Hindenburg Research, the short seller that recently targeted India’s Adani Group, has accused payments group Block of artificially inflating its user numbers and facilitating fraudulent transactions.
In a statement on Thursday, Hindenburg said it had been investigating Block, which is led by Twitter co-founder Jack Dorsey, for two years and had taken a short position in the shares.
It said the series of accusations were based on “dozens of interviews with former employees, partners, and industry experts, extensive review of regulatory and litigation records, and FOIA and public records requests”.
Block’s two primary businesses are its Square payments services for merchants and its Cash App mobile payments product, which competes with rivals such as PayPal’s Venmo and Zelle. Hindenburg alleged that Block “obfuscates” the actual number of people on its CashApp platform by reporting “misleading… metrics filled with fake and duplicate accounts”.
Block said it would work with the Securities and Exchange Commission to explore legal action against Hindenburg “for the factually inaccurate and misleading report” about its Cash App business.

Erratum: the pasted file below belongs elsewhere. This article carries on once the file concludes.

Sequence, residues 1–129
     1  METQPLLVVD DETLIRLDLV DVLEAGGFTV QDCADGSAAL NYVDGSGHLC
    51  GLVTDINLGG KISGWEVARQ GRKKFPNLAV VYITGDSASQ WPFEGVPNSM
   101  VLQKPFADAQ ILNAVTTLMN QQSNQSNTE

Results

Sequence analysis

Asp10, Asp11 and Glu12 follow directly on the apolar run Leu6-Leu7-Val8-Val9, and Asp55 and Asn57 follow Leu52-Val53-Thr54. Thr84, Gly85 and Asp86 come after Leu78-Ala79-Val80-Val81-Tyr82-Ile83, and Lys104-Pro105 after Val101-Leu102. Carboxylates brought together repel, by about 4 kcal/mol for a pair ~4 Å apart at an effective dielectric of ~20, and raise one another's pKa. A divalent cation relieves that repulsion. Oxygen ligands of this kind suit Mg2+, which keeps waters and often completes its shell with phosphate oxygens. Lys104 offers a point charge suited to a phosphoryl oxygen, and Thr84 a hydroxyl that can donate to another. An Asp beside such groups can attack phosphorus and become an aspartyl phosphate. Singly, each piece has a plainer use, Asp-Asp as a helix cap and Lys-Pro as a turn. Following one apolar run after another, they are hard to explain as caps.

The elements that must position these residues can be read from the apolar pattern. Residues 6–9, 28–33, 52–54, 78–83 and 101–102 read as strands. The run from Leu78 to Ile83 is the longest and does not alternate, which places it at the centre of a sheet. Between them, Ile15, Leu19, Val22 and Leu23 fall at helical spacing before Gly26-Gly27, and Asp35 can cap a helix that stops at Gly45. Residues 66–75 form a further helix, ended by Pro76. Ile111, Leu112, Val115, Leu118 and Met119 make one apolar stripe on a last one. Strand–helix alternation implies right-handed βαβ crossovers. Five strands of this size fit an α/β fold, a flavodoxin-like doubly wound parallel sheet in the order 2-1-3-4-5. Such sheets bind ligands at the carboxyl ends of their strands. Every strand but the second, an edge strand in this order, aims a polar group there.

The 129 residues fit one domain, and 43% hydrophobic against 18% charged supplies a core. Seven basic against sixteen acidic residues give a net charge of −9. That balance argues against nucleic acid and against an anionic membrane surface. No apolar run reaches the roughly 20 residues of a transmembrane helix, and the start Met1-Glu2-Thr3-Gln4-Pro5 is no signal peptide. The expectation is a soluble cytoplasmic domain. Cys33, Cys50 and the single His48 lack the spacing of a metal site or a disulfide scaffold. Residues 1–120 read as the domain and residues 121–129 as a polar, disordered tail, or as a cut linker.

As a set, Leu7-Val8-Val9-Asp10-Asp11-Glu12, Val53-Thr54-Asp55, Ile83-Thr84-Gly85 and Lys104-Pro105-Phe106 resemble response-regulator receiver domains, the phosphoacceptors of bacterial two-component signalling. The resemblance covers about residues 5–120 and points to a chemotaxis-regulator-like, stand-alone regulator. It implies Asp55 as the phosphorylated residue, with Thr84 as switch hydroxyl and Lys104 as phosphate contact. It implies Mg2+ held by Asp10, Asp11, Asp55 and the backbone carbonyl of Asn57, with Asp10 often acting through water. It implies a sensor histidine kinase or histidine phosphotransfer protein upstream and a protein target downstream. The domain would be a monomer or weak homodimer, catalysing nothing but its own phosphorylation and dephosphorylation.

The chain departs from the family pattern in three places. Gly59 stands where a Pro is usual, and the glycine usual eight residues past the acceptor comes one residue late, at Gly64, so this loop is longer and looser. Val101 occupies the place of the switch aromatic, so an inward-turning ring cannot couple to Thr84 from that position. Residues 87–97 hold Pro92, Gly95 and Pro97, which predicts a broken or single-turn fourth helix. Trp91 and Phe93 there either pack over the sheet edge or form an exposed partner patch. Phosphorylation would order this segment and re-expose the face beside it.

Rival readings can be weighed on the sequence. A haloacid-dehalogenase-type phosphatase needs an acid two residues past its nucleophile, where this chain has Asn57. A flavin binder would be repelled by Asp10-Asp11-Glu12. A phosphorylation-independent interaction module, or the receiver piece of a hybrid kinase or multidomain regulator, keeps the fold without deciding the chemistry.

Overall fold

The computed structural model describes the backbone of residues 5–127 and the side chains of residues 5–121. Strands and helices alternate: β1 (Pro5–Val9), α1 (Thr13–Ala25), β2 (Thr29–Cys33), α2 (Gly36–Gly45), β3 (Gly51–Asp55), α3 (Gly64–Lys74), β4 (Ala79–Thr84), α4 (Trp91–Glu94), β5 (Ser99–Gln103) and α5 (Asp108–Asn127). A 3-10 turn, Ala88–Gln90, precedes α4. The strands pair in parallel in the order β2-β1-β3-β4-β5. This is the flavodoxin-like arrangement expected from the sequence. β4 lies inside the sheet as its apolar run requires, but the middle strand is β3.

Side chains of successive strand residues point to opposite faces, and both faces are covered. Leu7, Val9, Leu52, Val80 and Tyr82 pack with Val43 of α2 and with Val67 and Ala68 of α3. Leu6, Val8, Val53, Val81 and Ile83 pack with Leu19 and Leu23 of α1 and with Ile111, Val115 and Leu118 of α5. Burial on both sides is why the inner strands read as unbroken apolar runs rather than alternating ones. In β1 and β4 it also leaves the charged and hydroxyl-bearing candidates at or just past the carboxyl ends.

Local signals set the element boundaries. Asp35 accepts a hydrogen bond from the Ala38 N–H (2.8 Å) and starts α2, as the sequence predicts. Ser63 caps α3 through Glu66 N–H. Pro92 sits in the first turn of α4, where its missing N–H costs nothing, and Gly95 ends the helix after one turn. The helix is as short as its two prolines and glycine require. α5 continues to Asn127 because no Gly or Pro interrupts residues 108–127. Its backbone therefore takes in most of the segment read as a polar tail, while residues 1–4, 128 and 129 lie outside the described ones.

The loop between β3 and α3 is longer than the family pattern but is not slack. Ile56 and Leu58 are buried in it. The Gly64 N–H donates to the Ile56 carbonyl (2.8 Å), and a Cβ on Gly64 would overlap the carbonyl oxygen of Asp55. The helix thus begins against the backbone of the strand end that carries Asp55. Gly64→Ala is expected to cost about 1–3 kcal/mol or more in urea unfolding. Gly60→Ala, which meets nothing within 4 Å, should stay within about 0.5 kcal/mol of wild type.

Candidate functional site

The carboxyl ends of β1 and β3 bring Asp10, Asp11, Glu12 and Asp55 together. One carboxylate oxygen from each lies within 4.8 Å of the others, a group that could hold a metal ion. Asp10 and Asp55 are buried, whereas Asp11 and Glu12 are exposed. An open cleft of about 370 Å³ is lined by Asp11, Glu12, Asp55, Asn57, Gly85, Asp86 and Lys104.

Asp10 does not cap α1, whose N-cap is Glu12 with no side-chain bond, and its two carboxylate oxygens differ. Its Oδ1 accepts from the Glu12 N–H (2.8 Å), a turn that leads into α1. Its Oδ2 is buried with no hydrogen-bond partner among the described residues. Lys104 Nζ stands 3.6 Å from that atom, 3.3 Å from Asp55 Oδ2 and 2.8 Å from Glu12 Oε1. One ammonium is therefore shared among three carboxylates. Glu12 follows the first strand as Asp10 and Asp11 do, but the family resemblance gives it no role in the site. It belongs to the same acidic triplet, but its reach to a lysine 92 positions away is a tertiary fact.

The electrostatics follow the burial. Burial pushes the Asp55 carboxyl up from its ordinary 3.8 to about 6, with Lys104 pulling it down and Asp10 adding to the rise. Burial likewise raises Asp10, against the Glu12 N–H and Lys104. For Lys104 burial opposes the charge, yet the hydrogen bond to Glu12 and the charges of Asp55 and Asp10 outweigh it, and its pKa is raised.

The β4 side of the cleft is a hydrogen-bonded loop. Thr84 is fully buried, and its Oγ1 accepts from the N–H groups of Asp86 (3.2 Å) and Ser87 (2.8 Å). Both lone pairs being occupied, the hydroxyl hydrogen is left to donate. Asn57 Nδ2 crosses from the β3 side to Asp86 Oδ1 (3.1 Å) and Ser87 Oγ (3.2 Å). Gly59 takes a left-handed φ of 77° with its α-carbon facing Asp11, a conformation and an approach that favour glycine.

“We have reviewed the full report in the context of our own data and believe it’s designed to deceive and confuse investors,” the company said in a statement.
Block’s shares were down 14 per cent on Thursday afternoon. As of Wednesday’s closing price, the company had a market capitalisation of nearly $44bn.
New York-based Hindenburg first came to prominence in 2020 when it claimed that truck start-up Nikola’s business was a fraud. Earlier this year, it accused Indian billionaire Gautam Adani, at the time the third richest person in the world, of “pulling the largest con in corporate history”. The report helped wipe about $100bn off his empire’s market value. Adani has denied the allegations.
Hindenburg on Thursday alleged that Block had overstated its genuine user counts while also understating the amount it costs them to attract new customers.
Hindenburg cited “former employees” as estimating that 40 to 75 per cent of accounts they reviewed were fake, involved in fraud or were users holding multiple accounts.
Hindenburg said that in investigating the matter, it had opened several accounts under fake names including “Donald Trump” and “Elon Musk”.
The short seller also claimed that what was portrayed as Block’s “wild west” approach had led it to become a popular service for criminals to process transactions.
The report alleged that Block has no obvious advantage over competitors such as PayPal or Zelle.
Hindenburg cited the inclusion of Cash App in hip-hop songs where rappers brag about using it for criminal activities.
“A review of those songs shows that the artists are not generally rapping about Cash App’s smooth user interface,” Hindenburg stated, adding that many describe using it “to scam” or for other illicit activity.
Source: Financial Times